Ilmu’s Mua

cover, MuaIlmu’s sophomore album Mua is a fresh journey through the dark sounds and emotions of the North. Rooted in the Karelian Republic’s mystical cultural heritage, the band, who recently moved from Russia to Finland, weaves a tapestry of sound that speaks to the soul.

The album’s 13 tracks delve into the essence of primordial Earth, capturing the magic of nature’s dance and the raw beauty of life and death. Collaborations with artists like Saylyk Ommun and Tuomas Rounakari add depth to the sonic landscape, infusing traditional folk songs with a contemporary arrangements.

One standout track, “Kazvatti Minuu Muamoi / Teve Khaya,” breathes new life into Karelian and Tuvan folk traditions, blending intricate instrumentals with ethereal vocals sung in the Livvi-Karelian language. The meticulous attention to detail, such as recording wind instruments and crafting instruments like the Karelian horn torvi, adds layers of memorable atmosphere to the album.

The album’s creative process, described as almost dreamlike, underscores the band’s deep connection to their music and heritage. From the haunting melodies of “Syvys” to the minimalist beauty of “Sulgazet,” each track is a testament to the band’s craft.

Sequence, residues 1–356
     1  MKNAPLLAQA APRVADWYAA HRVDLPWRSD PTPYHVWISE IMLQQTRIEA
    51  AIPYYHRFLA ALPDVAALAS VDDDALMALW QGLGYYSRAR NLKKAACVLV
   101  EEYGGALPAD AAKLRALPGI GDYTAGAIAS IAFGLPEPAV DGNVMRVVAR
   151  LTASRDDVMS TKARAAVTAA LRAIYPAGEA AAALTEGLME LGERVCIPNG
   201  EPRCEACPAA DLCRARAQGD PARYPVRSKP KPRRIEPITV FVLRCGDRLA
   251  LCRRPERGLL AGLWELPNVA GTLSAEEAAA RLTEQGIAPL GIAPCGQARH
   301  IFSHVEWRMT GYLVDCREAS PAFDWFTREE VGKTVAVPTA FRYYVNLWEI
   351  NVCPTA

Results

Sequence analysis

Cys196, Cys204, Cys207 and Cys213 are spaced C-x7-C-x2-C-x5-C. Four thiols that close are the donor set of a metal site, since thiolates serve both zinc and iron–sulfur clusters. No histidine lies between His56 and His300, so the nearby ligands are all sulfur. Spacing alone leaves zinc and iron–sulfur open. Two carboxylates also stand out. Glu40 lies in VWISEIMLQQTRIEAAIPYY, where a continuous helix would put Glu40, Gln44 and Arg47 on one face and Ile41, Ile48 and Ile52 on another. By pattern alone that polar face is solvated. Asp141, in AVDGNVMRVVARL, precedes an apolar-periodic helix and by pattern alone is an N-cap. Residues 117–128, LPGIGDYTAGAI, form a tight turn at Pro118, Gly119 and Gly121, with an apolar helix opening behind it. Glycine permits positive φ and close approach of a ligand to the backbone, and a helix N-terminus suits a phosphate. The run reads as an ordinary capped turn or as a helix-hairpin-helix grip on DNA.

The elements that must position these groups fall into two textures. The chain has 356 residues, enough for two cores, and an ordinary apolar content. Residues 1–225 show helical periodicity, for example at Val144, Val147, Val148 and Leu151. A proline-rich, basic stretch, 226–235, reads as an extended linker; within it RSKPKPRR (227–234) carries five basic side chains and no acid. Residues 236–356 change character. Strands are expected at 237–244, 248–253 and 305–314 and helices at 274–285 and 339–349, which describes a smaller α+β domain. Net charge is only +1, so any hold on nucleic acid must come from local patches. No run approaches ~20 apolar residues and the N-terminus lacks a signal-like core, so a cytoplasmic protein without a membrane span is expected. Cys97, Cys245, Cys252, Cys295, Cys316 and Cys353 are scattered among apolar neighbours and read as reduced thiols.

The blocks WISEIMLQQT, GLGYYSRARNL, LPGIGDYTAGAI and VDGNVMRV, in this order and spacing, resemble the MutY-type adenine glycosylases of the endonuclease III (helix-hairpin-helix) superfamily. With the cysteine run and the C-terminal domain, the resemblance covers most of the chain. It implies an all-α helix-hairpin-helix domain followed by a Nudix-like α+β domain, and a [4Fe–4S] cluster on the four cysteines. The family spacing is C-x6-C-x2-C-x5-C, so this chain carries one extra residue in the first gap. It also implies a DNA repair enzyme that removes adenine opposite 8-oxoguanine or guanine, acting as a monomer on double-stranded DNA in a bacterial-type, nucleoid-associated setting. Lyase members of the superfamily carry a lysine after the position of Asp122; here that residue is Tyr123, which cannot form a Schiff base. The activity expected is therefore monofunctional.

One of the album’s highlights, “Aldo,” reinvents club dance music with psychedelic chants, inviting listeners to lose themselves in its hypnotic rhythm. Meanwhile, “Valgo” pays homage to the VALGO music festival, infusing the track with the spirit of celebration and community.

Closing out the album is “Minun iäni,” a poignant reflection on the passage of time and internal transformation. The track is a fitting finale with its evocative lyrics and haunting melody, leaving listeners eager to explore the next musical chapter of Ilmu’s journey.

I enjoyed their self-titled first full-length album more — I personally consider a musical masterpiece, and the song “Jyryn Iel” I have on my playlist on repeat. But “Mua” is a musical odyssey that transports listeners to the heart of Karelian culture and the wonders of the natural world. And the quality of the record is absolutely not inferior to indie and modern folk, made, for example, in Sweden and Finland. For me, it is an essential step for folk music from Russia now living abroad, where it can flourish.

(ILMU, 2024)

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Daryana Antipova is a musician and writer originally from Russian Siberia. She is the drummer for the Russian folk music ensemble Vedan Kolod since its beginnings in 2005 and a founder of the Russian World Music Chart. By profession a children's author, she has published three books in Russia, worked as a journalist at The Moscow News, as well as in geopolitical news, until the media was overwhelmed by state propaganda. She and her husband and young son now live in Bloomington, Indiana, where she works for Indiana University's Russian Flagship Program.

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